MSc/Postgraduate Diploma/Postgraduate Certificate Global Political Economy

Entry year
Course code
Bristol Business School
Frenchay Campus
One year full-time; two years part-time
Full-time; part-time
Programme leader
Dr Susan Newman

Please note we are no longer offering this course to new applicants

Page last updated 3 August 2020


If you have a relevant degree or experience, you can hone your skills in economic development and research on this masters degree. Learning from practising professionals and experienced tutors, you'll develop a broad-based understanding of global issues and apply this to real-world challenges.

Why study MSc Global Political Economy?

Why are some countries rich and others poor? What determines the structure of the global economy? Who are the most powerful players? What is the future of globalisation?

The global economy is changing rapidly. Understanding these changes requires knowledge and insight from a range of disciplines including economics, politics and law.

Why study our course?

If you have relevant professional or voluntary experience, or a degree in international relations, politics, economics, business, sociology or law, this course will equip you with a unique interdisciplinary and applied approach to answering these crucial questions and more.

Starting from the origins of globalisation, you will examine the evolution of global production, distribution and trade. You will study the changing nature of global interaction between nations, businesses, labour and other interest groups. You will also learn about the role and influence of emerging economies, and gain an understanding of the different patterns and levels of economic development.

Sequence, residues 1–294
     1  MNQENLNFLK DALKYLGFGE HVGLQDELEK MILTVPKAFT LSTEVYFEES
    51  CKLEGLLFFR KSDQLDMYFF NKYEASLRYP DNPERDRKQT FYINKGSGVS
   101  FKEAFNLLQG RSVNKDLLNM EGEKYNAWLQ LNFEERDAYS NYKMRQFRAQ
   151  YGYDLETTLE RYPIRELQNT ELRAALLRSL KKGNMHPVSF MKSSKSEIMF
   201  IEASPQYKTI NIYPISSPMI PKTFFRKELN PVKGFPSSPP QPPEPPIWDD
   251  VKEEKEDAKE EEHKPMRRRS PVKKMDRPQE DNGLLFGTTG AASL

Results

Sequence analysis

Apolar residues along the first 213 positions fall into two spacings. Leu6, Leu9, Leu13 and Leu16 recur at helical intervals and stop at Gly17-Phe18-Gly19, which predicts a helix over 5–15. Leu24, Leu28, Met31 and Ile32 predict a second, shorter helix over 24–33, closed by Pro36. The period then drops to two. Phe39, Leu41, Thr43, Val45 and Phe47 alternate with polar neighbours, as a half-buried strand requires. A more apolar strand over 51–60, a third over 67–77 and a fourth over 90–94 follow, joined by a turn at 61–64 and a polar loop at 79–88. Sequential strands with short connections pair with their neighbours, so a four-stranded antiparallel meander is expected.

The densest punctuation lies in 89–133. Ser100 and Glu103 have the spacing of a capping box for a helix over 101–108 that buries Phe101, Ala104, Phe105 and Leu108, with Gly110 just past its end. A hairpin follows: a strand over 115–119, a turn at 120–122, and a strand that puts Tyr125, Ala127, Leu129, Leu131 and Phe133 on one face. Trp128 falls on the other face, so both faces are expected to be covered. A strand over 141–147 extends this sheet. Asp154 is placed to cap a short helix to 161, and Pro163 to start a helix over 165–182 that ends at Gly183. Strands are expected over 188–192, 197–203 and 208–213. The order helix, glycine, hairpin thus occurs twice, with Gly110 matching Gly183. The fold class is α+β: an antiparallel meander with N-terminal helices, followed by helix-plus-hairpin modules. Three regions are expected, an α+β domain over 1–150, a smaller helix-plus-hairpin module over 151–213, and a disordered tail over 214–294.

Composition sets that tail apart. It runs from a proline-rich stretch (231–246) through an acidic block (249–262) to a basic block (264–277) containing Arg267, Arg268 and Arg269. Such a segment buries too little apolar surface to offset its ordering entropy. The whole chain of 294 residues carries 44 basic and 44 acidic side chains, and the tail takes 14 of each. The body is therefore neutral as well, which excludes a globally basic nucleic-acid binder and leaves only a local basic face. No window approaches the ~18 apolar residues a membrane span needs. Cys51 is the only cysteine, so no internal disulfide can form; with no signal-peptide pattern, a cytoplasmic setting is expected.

Real-world experience

Learning draws on the extensive experience of our cross-departmental teaching staff as well as guest speakers who come in to talk about current issues. You will apply this through examining case studies on the challenges and opportunities of the global economy. You can also access support finding relevant placements and internships that draw on the contacts and experience of our tutors.

Where it can take you

On graduation, you will have a solid understanding of the issues facing businesses, workers and nations in the global economy. You will have skills in policy analysis and development, preparing you for a wide range of rewarding careers in international organisations, government and non-government organisations (NGOs). These skills are also sought after by multinational enterprises, research organisations, charities, and industry associations.

You will also be prepared to continue studying to PhD level in fields such as economics, development economics, politics, the political economy, development studies and international relations.



The full Master's course comprises 180 credits divided into three 60 credits stages: Postgraduate Certificate, Postgraduate Diploma, and Master's. Students work incrementally through the three stages and must pass all modules at each stage in order to progress to the

You will study:

  • The Rise of the Global Economy
  • The World Trade Organisation and the Global Trading System
  • Emerging Markets
  • The Politics of Trade Negotiation

The optional modules listed are those that are most likely to be available, but they may be subject to change.

Optional modules

  • The Sustainable Organisation: Vision into Practice
  • Sustainable Business
  • Econometrics
  • Economic Theory and Policy
  • Political Economy
  • The Berlin Republic
  • Development and Resistance in Latin America
  • Europe Reloaded
  • Global Governance
  • Climate Politics.

Plus optional level M modules from (the number depending on credit requirements): 

  • Contemporary Policy Analysis
  • Feminist and Gender Economics
  • Globalisation and the Law
  • International Financial Crime.


To achieve a Masters, you must also complete a dissertation. This gives you the chance to research an area of the global political economy, in depth, which is of particular interest to you or of relevance to your career or company.

Please also note this structure is for the full-time course delivery only. For part-time delivery, the same modules will be studied. However, the structure will differ.

The University continually enhances our offer by responding to feedback from our students and other stakeholders, ensuring the curriculum is kept up to date and our graduates are equipped with the knowledge and skills they need for the real world. This may result in changes to the course. If changes to your course are approved we will inform you.

Learning and Teaching